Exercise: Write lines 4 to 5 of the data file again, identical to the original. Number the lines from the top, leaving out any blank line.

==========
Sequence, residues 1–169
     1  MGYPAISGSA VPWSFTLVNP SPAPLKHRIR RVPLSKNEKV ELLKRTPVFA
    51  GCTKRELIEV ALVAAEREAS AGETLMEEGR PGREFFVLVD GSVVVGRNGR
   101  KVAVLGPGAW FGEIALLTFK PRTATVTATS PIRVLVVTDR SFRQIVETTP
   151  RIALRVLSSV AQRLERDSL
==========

   101  KVAVLGPGAW FGEIALLTFK PRTATVTATS PIRVLVVTDR SFRQIVETTP
   151  RIALRVLSSV AQRLERDSL